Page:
Morrison has dabbled in folk horror, 60s-style psych and hauntology in her Ambassadors Of Sorrow guise. This affinity with the more eldritch reaches of the British musical landscape is there in abundance on the spooked recorders of The Cruel Mother and the drones of When I Was A Young Girl. The Well Below The Valley revels in its dark themes of infanticide and incest: Morrison’s voice is eerily confiding, strangely present, insistent even at its quietest. The brutal violence of Lucy Wan is rendered with a soft immediacy that makes it all the more chilling. Morrison has stunning control over the emotional depths of these songs. Her musicianship is equally impressive – Idumea (an eighteenth-century hymn written by Charles Wesley) floats on a rippling gauze of dulcimer, and a brisk, autoharp-led run-through of Bonny Cuckoo is bright and blossomy.

The Brown Girl is one of those rare records that feels perfectly weighted, entirely free of anything extraneous. Every multi-tracked harmony or subtly plucked string has its place, and the whole thing feels lighter than air. That is a remarkable achievement, given the gravity of the subject matter in many of these songs, the layers of history they have accrued over time, and the wholly new perspective Morrison brings to them. By the time of the final, contented exhalation that puts a seal on the closing track, Must I Be Bound, it’s almost as if a satisfying but mysterious journey has been undertaken, one that will lead ultimately to many further destinations.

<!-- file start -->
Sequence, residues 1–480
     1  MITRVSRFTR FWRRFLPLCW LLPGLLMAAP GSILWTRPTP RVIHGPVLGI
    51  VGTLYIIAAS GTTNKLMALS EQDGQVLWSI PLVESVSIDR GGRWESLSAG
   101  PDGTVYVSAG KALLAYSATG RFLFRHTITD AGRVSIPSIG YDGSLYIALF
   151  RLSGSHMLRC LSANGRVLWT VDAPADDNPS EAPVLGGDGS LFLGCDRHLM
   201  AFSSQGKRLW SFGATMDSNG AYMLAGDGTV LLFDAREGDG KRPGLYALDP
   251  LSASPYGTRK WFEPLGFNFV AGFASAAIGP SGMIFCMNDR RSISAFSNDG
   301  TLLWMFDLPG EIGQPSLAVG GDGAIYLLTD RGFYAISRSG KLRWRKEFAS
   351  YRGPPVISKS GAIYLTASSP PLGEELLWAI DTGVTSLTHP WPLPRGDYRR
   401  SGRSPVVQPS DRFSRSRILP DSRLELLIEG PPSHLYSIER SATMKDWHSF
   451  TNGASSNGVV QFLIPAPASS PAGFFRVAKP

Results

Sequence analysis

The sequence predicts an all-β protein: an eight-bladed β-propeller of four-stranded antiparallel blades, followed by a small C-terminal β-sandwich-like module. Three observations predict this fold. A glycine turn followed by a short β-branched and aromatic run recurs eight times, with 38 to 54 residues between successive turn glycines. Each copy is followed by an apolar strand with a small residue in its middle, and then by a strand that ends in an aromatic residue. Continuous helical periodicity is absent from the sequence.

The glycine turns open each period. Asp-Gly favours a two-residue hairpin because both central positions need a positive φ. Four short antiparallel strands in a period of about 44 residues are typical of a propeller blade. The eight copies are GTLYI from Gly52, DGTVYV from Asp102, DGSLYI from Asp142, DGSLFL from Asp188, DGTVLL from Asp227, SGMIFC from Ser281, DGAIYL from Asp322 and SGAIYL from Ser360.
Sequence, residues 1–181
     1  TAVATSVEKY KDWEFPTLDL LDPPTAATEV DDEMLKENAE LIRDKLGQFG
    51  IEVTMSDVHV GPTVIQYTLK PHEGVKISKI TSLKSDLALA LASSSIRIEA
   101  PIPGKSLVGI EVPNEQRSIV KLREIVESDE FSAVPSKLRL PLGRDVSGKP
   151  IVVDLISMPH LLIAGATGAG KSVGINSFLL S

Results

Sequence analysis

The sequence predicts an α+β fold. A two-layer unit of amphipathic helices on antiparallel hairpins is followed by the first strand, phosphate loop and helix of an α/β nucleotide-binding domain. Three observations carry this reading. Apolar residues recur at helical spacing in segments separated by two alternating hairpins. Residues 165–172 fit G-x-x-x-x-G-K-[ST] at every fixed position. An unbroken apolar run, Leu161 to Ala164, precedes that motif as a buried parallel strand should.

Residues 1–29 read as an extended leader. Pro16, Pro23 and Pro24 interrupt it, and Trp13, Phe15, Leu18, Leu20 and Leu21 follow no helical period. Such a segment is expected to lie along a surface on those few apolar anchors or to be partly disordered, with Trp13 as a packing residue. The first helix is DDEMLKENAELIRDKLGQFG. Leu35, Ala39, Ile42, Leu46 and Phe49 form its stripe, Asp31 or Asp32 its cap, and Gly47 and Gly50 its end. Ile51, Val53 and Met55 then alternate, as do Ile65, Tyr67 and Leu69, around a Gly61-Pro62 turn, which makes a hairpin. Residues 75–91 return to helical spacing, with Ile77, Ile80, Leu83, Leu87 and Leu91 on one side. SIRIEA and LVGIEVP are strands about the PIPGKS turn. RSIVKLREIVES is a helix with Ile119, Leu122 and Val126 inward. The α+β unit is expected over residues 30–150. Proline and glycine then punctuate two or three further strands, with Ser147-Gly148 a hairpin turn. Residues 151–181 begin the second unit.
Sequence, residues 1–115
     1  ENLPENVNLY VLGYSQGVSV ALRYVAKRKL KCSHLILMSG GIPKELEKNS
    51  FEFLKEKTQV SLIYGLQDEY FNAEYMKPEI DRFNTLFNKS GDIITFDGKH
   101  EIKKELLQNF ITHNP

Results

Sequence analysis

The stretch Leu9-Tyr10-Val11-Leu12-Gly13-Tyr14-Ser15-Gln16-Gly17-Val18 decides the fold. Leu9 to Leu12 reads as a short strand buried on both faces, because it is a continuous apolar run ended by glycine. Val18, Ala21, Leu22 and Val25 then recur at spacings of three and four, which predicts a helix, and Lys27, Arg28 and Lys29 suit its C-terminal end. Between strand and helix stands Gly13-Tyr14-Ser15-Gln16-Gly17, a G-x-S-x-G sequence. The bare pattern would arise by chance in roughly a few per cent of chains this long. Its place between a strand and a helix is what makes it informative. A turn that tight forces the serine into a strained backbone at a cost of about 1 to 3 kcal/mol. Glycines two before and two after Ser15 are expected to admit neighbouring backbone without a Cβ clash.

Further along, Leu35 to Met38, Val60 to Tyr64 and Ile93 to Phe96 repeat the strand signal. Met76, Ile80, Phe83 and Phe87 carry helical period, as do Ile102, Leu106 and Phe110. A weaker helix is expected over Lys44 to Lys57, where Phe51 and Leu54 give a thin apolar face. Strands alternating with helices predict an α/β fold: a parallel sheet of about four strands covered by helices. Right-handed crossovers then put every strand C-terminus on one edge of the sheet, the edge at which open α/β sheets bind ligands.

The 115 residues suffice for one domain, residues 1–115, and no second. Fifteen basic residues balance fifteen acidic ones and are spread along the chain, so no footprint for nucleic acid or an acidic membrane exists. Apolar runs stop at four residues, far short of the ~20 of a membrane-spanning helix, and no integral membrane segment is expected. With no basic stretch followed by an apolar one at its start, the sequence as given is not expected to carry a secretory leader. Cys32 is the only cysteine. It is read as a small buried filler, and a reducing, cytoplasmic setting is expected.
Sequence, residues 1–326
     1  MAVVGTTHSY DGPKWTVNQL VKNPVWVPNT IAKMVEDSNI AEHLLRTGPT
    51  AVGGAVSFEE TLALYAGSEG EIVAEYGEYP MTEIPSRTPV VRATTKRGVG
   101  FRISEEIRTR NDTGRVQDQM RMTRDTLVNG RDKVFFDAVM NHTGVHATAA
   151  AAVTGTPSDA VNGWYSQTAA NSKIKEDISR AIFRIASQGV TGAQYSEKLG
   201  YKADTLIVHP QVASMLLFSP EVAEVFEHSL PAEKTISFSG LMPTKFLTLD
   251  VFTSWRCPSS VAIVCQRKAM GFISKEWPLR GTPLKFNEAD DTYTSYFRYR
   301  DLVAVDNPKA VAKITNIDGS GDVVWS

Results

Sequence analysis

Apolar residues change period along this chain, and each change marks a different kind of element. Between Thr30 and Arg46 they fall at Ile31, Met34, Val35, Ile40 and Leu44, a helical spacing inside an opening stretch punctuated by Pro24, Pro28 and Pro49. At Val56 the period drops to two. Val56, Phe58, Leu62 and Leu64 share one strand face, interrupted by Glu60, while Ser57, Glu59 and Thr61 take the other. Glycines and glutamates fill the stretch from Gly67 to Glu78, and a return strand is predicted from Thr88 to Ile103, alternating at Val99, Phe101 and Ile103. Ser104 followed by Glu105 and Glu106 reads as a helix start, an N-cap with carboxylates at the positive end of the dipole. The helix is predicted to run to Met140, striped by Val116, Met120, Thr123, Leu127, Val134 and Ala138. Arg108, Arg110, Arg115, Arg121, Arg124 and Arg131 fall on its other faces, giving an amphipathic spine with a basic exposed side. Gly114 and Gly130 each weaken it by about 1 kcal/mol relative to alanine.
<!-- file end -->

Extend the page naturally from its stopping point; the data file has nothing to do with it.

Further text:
The Brown Girl and Other Folk Songs is out now.

Fairport Convention: The tragedies behind the pioneers of folk rock

By any measure, it was a period of prodigious creativity. Between June 1968 and December 1969, Fairport Convention released their first four albums — and changed the course of music both in Britain and further afield.

By John Meagher

By any measure, it was a period of prodigious creativity. Between June 1968 and December 1969, Fairport Convention released their first four albums — and changed the course of music both in Britain and further afield.